I'm sure the software paid for itself in the first five minutes. It was frustrating. I didn't know whether to laugh or cry. I switched to a Piper Cub, which was similar to my Super Cub, and took it for a flight. My flying skills had clearly diminished over the years, but I had more success with it than a helicopter.

What did I get myself into?

Over the last week, I've spent hours practicing flying a helicopter in Real Flight 7, slowly making a little progress each time. For the first time last night, I was able to fly in a clockwise direction. I tried counter-clock-wise and failed. But it's progress, and that's giving me confidence, and one day — probably not any time this year — I'll hopefully master the controls and be able to fly like the guy in the video above. Or at least flying in a counter-clockwise direction. ;)

Wednesday, February 12, 2014

Pebble E-paper Watch Update

Here's an update about my Pebble watch.

I did eventually receive a reply requesting photos for the RMA. I submitted them and a short time later received an email advising me that the replacement had shipped.

This surprised me because the RMA email advised me that I would receive an email with a shipping label to send the old one back. I never received such a label.

It wasn't long before the tracking advised me that it had been shipped overseas. It sat at customs for a couple of weeks and this week it arrived in my city and at my house at the same day.

I'm pretty happy that I didn't have to spend anything to send the old one back. I wonder if that was because it's a "Kickstarter Edition"? Maybe they thought I'd like to keep it as a souvenir? I don't know.

Regardless, I now have a functional watch and I hope it lasts longer. :)

Tuesday, January 7, 2014

Pebble E-paper Watch Display Problems

Last year, on April 27, I wrote a review of the Pebble E-paper Watch that I got through their Kickstarter project. You can read that posting here.

Since that time, there have been a few firmware updates, all providing additional features and functionality. I love this watch, up to now.

In December, I clicked a button to get into the settings and the settings menu had a little bit of display corruption. It cleared up quickly simply by backing out of the menu and going back in.

Sadly, it was not the last time it happened.

Since then, it has also occurred for various notifications, as well as the default watch faces.

Option, Settings, Display menu.
Settings menu.

Options menu.

A default watch face?

Another default watch face.


Default watch face immediately after turning
the watch on, I think.

A Google search brings up quite a few hits from others experiencing the same problem. Oddly enough, most of them appear to have occurred after the last firmware update. I concur.

From what I've read, the only solution is to contact their support, provide requested photos indicating the corruption to get an RMA, and get the watch replaced.

I contacted their support, via the iPhone app as someone suggestion, on January 1, 2014. To date, I am still waiting for a reply. I did get an automated reply the same day, telling me that someone would be contacting me "soon".  I guess their idea of "soon" is a little different.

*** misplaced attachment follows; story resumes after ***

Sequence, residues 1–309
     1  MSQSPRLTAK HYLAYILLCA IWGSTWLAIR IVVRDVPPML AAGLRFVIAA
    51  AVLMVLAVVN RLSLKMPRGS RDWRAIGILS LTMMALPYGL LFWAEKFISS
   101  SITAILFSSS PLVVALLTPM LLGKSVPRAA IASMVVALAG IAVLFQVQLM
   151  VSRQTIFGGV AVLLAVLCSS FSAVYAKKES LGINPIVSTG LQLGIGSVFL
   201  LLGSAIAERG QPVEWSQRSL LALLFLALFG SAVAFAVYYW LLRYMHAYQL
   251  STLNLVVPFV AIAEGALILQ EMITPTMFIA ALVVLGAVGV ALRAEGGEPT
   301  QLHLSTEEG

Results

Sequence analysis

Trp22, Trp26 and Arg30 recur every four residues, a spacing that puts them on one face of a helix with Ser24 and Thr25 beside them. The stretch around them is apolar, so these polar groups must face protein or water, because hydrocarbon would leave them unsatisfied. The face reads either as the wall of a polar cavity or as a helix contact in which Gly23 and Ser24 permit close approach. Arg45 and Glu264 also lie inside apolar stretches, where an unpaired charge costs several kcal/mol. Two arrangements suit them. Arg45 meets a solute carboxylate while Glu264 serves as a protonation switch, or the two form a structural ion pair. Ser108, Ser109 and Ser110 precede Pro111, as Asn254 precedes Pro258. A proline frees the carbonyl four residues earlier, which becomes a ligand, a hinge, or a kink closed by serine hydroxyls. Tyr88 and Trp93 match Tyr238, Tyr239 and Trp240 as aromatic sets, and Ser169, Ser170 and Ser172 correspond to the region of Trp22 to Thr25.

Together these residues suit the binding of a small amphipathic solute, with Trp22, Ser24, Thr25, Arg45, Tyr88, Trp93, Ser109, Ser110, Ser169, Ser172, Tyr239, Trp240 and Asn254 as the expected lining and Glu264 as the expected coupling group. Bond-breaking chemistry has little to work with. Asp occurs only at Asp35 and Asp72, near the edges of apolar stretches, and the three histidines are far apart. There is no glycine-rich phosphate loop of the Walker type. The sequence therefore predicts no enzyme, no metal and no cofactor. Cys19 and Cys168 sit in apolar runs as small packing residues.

I should note that the display corrupt does clear up after a few button presses, and the watch face remains clean for the most part, so it's not entirely useless — it's just very annoying.

Coincidentally, Pebble has recently announce their "Pebble Steel" for $249. The firmware update that will accompany it looks pretty sweet, but until these display issues are resolved I'm not interested.

This last photo is kinda funny... they tout the original Pebble as having a "scratch resistant lens". Click the photo and you'll see exactly how scratch resistant it is. :)

The scratch resistant lens after normal
daily wear.
An update can be found here.

Sunday, January 5, 2014

A new year, but more of the same...

This is the mandatory new year blog posting, where I post everything I'd like to accomplish in the coming year.

That list isn't much different than past years.

  • Lose weight — Maybe this will finally be the year I hit 199lbs? Might be a tough one, considering I put on extra weight over Christmas. I was supposed to lose weight since my last annual physical exam to get my cholesterol back down. I failed. But so far this year, I've been pretty active, and returned to riding my bike on the trainer in the basement, despite how boring it is. I've had more shoulder issues since the summer as well, but with my "good" shoulder. It's only begun to feel a little better in the last week, but the mobility is only about 50%. I'm afraid to try the Nike Kinect again since the pulled calf muscle incident.
  • Pick up my camera more often — I've felt very uninspired in the last year or so. As much as I love photography, and the challenge of getting that one awesome shot, I don't feel the same inspiration as past years. I'm not sure how much that will change while it's still winter, but we'll see what happens when spring rolls around.
  • More cycling — Last year I rode my bike to work often. I hope to do that again this year.
  • Continue to brew beer — And learn more about it. I got a couple of books for Christmas.
There we go. One boring blog post.